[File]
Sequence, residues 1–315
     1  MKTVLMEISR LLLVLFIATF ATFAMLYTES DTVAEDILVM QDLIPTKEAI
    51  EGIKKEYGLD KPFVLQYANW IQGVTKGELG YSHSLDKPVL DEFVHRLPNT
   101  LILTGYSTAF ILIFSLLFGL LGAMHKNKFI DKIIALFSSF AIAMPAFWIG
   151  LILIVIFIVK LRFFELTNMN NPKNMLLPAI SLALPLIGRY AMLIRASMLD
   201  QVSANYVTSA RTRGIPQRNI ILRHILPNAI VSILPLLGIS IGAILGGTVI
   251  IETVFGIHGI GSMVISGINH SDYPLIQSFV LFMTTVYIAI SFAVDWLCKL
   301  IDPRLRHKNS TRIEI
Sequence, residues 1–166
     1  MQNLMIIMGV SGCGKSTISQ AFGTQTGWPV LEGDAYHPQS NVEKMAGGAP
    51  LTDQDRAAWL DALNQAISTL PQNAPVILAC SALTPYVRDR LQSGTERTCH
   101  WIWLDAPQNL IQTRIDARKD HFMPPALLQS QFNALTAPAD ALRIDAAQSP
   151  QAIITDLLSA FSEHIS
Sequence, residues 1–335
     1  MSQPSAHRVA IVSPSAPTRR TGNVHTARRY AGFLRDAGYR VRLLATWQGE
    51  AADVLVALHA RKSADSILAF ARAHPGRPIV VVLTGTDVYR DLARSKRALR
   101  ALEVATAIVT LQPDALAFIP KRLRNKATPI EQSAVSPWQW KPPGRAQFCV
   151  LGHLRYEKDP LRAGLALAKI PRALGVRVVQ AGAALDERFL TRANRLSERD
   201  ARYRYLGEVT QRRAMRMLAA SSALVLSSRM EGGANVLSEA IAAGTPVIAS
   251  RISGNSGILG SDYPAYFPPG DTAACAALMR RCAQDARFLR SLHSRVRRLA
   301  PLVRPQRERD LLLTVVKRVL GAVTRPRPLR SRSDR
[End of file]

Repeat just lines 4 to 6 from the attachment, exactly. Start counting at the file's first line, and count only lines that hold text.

   101  LILTGYSTAF ILIFSLLFGL LGAMHKNKFI DKIIALFSSF AIAMPAFWIG
   151  LILIVIFIVK LRFFELTNMN NPKNMLLPAI SLALPLIGRY AMLIRASMLD
   201  QVSANYVTSA RTRGIPQRNI ILRHILPNAI VSILPLLGIS IGAILGGTVI